Since the advent of the World Wide Web in the mid 1990’s, a seemingly endless stream of development languages and platforms have cropped up. It can be confusing, and one can look back wistfully on the old days of punch cards, and even when the only real choice was C++.


The problem is, how do we know which languages to program in? What do we choose for web or server-based programming that we can rely on for years to come? Conversely, how do we know what we choose to develop in isn’t going to go extinct next year?


Just looking at the dizzying array of languages and IDE’s that have come out in the last 20 years is enough to make even the most experienced software engineer wonder. When you consider systems like ColdFusion, Flash and its ActionScript, Perl, Delphi, Visual Basic, Ruby on Rails, Java and others, you can’t help but wonder.


Of course, there are some established favorites that are not likely to disappear, such as C++. It will probably always be the dominant language for developing high performance applications. However, with the resurgence of the platform independent Java, who can really say?


Anyone remember Pascal?


If there is one answer to the question posed in this blog, it’s that you should try and stick to the development tool that seems to be able to both serve today’s needs effectively as well as be flexible enough to bend with the wind of future change. C++ has done this well. Of course, the need to open up the source code and make changes and then recompile is always going to be there.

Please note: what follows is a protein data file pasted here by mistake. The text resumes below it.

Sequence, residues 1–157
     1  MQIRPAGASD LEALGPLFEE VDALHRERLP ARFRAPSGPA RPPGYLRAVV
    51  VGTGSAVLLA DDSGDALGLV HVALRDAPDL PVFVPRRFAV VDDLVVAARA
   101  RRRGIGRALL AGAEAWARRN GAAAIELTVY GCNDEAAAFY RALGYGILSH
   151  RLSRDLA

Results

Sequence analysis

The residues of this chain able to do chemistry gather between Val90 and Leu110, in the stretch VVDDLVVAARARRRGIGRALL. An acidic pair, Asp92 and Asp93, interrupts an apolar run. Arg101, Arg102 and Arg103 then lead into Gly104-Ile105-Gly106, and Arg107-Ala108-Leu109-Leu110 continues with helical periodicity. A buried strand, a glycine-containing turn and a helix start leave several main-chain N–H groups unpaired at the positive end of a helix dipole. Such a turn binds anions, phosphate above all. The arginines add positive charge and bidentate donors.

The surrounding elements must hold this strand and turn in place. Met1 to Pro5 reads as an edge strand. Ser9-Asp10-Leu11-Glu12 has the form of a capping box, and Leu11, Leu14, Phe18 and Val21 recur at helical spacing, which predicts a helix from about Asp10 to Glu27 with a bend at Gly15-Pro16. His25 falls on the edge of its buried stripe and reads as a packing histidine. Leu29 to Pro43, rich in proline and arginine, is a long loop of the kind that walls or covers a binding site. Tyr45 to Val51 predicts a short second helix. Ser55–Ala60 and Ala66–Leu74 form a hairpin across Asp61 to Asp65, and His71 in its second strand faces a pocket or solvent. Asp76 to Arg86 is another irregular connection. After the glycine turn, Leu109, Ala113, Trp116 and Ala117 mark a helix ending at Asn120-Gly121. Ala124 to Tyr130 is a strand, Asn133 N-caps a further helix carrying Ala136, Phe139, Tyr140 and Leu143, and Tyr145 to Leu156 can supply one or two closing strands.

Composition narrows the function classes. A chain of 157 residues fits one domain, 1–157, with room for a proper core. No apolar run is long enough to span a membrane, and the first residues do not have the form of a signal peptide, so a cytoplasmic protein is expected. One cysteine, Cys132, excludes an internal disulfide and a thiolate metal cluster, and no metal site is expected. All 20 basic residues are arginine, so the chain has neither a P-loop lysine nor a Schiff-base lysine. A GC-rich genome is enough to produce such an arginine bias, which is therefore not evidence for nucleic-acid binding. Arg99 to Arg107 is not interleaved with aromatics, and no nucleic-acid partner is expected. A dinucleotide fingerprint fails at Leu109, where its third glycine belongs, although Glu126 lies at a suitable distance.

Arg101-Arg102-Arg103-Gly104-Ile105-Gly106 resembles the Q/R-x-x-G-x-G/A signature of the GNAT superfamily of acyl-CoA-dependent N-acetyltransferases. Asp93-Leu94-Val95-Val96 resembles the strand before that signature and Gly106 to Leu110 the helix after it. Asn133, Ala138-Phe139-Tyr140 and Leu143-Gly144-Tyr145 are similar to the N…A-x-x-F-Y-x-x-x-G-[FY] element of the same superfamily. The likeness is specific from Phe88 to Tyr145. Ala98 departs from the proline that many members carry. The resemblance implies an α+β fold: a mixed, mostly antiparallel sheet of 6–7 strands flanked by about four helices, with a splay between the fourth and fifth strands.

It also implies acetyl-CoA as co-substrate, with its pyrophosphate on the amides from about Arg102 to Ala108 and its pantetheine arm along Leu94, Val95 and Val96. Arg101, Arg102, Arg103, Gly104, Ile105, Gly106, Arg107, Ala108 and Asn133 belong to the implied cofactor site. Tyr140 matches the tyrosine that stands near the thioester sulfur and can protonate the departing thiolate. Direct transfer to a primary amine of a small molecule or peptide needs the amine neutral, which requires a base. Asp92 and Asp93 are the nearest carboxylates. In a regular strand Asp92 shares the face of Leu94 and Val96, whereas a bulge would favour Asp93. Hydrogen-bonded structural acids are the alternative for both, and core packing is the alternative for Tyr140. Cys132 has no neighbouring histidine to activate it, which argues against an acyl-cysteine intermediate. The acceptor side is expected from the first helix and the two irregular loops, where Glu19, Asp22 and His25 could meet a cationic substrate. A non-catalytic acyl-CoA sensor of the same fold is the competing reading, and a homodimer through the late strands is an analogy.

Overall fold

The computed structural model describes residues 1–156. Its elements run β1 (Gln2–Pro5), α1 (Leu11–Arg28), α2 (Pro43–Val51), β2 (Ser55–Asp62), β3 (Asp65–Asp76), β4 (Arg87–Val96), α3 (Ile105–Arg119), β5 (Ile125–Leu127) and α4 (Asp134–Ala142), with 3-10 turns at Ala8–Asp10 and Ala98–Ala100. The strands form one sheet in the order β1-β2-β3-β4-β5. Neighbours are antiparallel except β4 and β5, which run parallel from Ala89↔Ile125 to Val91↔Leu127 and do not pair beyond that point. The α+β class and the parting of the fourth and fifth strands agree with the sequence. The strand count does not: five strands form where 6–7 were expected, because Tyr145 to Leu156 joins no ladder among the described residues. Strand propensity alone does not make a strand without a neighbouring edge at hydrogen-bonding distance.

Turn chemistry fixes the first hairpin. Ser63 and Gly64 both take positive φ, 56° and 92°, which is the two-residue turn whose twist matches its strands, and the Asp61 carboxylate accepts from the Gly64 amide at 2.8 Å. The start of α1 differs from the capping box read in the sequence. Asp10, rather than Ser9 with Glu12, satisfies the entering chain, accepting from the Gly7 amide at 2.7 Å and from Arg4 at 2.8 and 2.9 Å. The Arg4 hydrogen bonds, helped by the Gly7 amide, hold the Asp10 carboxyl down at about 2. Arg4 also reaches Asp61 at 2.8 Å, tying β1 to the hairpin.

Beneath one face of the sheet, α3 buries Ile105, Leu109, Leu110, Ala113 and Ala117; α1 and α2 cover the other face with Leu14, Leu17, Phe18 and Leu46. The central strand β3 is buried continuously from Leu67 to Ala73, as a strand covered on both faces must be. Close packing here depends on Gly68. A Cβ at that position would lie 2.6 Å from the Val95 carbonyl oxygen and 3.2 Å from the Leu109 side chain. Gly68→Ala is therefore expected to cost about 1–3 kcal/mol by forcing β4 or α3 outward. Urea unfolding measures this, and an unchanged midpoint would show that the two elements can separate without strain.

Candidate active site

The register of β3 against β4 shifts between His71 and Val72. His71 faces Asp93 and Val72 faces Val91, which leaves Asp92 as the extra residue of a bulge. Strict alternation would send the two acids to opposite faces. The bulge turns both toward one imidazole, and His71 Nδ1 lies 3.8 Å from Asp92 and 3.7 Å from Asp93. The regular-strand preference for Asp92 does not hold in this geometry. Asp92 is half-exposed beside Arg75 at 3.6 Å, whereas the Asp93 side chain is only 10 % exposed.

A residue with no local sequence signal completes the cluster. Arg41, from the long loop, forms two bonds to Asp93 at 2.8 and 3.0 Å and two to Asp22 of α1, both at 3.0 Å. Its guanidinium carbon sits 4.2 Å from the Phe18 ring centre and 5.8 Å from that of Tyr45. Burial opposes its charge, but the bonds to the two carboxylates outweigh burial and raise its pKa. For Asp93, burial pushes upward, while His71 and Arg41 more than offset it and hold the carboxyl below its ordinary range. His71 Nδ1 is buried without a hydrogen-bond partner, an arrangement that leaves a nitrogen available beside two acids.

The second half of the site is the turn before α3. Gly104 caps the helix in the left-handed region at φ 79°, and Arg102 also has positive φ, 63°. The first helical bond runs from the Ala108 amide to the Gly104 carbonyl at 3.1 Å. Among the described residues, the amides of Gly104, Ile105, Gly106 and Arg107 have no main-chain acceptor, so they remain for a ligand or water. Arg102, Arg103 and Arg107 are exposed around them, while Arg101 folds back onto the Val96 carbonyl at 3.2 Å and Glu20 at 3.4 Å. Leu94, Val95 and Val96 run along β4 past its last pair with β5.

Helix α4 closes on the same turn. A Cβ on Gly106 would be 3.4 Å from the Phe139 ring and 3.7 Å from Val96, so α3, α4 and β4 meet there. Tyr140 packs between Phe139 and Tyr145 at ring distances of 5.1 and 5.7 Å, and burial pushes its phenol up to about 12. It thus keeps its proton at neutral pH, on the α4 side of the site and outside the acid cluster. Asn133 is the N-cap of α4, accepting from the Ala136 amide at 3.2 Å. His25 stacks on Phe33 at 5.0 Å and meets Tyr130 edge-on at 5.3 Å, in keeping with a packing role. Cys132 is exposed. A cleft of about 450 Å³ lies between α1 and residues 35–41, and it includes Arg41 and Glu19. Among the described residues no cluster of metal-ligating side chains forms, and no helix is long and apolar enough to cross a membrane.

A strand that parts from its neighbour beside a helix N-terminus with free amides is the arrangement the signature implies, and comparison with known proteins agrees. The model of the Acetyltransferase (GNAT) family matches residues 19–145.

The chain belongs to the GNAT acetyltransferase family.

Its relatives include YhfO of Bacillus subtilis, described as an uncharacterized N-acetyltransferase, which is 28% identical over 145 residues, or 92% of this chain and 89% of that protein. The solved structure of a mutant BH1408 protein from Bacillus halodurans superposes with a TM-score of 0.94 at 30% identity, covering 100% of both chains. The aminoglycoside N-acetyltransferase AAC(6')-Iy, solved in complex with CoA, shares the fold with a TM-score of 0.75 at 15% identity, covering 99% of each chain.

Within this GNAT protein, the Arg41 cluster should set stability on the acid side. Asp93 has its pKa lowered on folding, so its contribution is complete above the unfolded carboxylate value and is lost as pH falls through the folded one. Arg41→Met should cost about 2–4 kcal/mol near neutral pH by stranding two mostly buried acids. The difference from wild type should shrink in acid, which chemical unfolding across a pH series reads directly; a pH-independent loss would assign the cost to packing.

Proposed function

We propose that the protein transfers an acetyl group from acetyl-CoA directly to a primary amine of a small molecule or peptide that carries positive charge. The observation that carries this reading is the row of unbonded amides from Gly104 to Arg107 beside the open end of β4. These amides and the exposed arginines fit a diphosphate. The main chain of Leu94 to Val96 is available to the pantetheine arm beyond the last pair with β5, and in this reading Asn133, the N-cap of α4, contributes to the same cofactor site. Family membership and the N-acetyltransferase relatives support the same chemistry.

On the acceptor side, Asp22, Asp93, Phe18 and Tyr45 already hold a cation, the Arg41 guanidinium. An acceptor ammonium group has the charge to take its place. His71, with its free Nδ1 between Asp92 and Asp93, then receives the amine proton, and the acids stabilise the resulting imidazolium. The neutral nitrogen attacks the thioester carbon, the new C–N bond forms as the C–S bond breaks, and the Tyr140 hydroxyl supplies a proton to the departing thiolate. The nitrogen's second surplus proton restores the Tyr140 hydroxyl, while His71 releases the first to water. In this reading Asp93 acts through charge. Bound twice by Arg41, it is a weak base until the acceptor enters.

For today’s Cloud-focused non-resident applications, Java and Ruby are often good choices. Non-compiled languages such as PHP or Python in conjunction with JavaScript, JQuery, AJAX and XML seem to be holding their own as well.


The debate rages on and there doesn’t seem to be any clear answer. Of course, this decision is helped along when you hire an experienced software development firm such as Glorium Technologies. We’re always keeping our eye on this bouncing ball of technology. When we choose a development platform, it’s with present and future capability in mind as well as long-term development support.


One nice thing about a lot of these languages is that even though some of them have certainly vanished into the past, like ColdFusion, they aren’t dead completely. Either they’re still supported or they can be readily ported to a more robust and long-lived platform.


If you’re facing this decision now and are not sure what to do, please feel free to get in touch and we can discuss this issue further.